Goodhart and Manoj contend, however, that the moderation was due to the supply shock of China coming into global trade and production since the 1980s, keeping prices of all goods low. Global savings rose because of higher incomes (including for EME commodity producers) and supply grew also. There was no labor-cost push in rich countries, because production and manufacturing jobs were shifted overseas. However, as advanced countries and China age, consumption will increase, labor forces will decline and structural inflation will come back. The great reversal is that all the trends supporting low inflation have reversed. The counterargument against Goodhart and Manoj is that there is so much excess capacity globally that prices will not rise.
Inflation is basically either demand-pull or cost-push. Given the pent-up demand and higher savings because of the lockdowns, there is a short-term combination of both interacting to push up inflation. The Biden administration understands that if wages are kept low, then inequality will rise. Hence, everywhere minimum wage levels are being raised, and the power of labor is returning. Europe and Japan have performed better than the U.S. in terms of social stability because of better social health insurance benefits, higher minimum wages and welfare payments for the unemployed.
Consequently, to maintain higher living standards and prevent overdependence on China, the preference of U.S. and Europe toward onshoring production will put pressure on labor supply and push up prices.
New Keynesian economists argue, however, that if higher labor income leads to higher productivity, then inflation will remain subdued. This was the gamble that Singapore took in raising domestic wages in the 1980s to force local industry to upgrade productivity. Singapore moved into advanced country status in giving both higher domestic welfare in housing and provident fund benefits, as well as welcoming foreign investments and moving to higher-value services industry. Food prices remained stable, although house prices rose. This is a choice that faces Malaysia — to continue relying on cheap foreign labor, or to raise domestic wages and force industry to upgrade productivity.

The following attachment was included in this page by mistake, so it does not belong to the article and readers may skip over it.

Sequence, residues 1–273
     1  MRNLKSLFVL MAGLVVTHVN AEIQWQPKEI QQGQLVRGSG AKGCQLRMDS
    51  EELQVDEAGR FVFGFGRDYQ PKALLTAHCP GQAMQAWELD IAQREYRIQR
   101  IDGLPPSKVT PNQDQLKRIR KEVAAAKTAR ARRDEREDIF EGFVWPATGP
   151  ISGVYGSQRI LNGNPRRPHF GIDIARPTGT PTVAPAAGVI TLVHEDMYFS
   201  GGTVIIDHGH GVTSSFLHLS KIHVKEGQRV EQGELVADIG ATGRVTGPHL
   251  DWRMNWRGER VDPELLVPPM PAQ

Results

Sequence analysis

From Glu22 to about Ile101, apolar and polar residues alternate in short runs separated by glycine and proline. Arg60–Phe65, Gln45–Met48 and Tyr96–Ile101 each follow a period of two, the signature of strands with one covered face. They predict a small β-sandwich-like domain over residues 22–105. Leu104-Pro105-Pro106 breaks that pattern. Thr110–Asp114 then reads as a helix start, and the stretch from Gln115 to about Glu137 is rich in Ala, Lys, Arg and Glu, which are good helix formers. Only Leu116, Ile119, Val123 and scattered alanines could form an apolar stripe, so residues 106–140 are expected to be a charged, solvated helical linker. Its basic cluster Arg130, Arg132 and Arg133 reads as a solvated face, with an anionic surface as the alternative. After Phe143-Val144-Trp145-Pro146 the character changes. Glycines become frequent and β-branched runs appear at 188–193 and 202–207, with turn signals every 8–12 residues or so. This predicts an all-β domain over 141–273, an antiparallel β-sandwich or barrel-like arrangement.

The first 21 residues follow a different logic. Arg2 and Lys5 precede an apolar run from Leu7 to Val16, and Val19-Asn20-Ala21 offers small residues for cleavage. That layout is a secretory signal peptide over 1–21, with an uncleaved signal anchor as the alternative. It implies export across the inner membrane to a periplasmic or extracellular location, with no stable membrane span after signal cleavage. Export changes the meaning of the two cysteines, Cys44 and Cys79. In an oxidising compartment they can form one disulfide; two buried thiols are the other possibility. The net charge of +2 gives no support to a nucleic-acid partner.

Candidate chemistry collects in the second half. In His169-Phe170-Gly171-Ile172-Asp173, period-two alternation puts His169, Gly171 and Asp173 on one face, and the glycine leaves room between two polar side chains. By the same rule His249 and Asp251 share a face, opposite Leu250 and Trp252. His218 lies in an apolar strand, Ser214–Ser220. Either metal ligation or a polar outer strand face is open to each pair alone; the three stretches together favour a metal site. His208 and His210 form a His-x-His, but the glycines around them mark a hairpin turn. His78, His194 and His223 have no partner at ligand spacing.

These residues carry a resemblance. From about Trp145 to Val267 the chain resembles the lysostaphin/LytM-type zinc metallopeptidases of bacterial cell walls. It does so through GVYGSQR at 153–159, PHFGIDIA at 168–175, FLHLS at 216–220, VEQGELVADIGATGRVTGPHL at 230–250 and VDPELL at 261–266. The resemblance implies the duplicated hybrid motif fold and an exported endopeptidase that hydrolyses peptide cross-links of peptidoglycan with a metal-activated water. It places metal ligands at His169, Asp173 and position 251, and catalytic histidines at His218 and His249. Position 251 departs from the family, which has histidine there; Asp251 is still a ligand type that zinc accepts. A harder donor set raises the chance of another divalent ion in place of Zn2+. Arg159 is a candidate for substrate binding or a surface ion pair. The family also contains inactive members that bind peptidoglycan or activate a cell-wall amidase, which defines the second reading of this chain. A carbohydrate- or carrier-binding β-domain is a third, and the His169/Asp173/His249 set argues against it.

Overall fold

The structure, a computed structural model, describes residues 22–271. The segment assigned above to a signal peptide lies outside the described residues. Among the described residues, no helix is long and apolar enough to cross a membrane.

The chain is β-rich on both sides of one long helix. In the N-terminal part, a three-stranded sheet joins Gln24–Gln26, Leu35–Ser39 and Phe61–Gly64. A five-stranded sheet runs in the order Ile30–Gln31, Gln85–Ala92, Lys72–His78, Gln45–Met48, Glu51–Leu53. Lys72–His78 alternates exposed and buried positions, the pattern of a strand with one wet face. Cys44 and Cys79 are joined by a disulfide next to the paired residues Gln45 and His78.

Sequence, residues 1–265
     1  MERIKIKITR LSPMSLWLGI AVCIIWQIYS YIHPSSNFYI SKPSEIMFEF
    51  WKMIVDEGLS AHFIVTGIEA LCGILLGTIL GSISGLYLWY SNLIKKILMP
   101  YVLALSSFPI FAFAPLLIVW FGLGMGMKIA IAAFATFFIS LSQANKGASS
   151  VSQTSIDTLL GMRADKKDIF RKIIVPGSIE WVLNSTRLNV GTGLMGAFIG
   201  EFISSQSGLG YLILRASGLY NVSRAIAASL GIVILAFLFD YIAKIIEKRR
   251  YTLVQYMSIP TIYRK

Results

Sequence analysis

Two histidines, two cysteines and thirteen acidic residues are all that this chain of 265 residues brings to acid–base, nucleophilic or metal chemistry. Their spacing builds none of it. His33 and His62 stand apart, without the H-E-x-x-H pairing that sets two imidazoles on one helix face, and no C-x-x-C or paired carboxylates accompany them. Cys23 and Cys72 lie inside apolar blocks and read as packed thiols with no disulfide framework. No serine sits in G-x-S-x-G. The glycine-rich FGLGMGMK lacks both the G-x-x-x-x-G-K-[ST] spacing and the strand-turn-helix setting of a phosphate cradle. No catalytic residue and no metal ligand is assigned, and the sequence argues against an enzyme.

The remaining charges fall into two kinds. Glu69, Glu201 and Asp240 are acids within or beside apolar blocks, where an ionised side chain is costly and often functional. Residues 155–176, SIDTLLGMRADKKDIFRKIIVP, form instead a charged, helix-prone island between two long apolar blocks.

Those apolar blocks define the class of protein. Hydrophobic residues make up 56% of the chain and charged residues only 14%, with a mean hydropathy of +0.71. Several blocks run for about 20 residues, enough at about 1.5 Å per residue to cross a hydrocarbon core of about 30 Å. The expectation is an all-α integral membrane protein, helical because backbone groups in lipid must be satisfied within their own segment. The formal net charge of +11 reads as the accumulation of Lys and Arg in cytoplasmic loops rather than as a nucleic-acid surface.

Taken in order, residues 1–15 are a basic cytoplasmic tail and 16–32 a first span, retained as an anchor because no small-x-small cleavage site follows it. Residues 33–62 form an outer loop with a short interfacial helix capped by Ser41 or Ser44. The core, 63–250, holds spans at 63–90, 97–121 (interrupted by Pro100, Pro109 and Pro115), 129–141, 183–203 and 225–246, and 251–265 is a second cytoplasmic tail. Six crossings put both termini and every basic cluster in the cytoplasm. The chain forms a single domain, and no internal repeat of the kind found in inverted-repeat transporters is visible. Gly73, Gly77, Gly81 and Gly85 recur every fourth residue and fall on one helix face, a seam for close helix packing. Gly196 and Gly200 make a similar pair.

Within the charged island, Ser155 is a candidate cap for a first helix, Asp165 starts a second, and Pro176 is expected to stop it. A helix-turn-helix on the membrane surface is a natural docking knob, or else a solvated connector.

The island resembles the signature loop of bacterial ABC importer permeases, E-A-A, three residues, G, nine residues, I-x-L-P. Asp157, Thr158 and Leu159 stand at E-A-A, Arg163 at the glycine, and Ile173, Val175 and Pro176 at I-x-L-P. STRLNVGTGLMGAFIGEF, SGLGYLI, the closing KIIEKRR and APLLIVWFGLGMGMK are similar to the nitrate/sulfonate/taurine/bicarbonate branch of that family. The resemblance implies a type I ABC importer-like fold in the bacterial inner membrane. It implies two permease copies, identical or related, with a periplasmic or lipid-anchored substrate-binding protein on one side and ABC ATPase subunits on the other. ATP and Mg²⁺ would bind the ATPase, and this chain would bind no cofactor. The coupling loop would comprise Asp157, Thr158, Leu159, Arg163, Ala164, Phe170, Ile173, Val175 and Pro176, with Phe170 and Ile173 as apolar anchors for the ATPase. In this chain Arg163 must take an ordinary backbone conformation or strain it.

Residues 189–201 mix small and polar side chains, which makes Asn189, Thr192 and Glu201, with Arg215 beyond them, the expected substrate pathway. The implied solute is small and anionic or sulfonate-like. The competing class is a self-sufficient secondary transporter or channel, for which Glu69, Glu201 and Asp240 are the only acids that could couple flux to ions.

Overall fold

With central banks now playing such an important role in financial markets, is inflation market-determined or a policy tool? If it is market-determined, you don’t need quantitative easing (QE). If inflation is a policy tool, then central bankers claim that they can control inflation through either interest rates or QE. Recent experience now questions whether central bankers have the power or tools to fine-tune inflation. Ministers of finance in charge of fiscal policy want higher inflation and negative real interest rates to erode the real value of government debt. Hence, they will put pressure on central bankers to slow down their interest rate increases. In short, central bank independence will be compromised.
If we look carefully at the long-term history of inflation in the U.S., inflation rose when the country was at war, during the Civil War, the First and Second World Wars and most recently in the Vietnam War period that coincided with higher welfare spending. The late 1970s to early 1980s inflation was killed by the Volcker shock to raise interest rates sharply, which led to 40 years of a low-inflation global boom, interspersed with financial crises.
My view therefore is that global inflation is now again on the rise, and inflation expectations will be entrenched in EMEs first, before surfacing in advanced countries. On balance, equity markets will do better than bond markets as the latter depends too much on ultra-low interest rates. In the short-run, reserve-country central banks will continue to use QE, but its effect on growth will be negative so central banks will have to “taper” off loose monetary policy. Monetary tightening will trigger bouts of financial crises in the face of too much debt overhang, because as Warren Buffet used to say, when the tide goes out, you know who has been swimming naked.
Asset allocation strategies have now become more important and complex than ever. Inflation, like opium, is a drug that is easy to consume, but difficult to quit. So is QE.
Andrew Sheng is a former central banker in Asia.
This article has been edited for length and clarity.
The views and opinions expressed in this opinion section are those of the authors and do not necessarily reflect the editorial positions of Caixin Media.
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Andrew Sheng is a distinguished fellow at the Asia Global Institute, University of Hong Kong.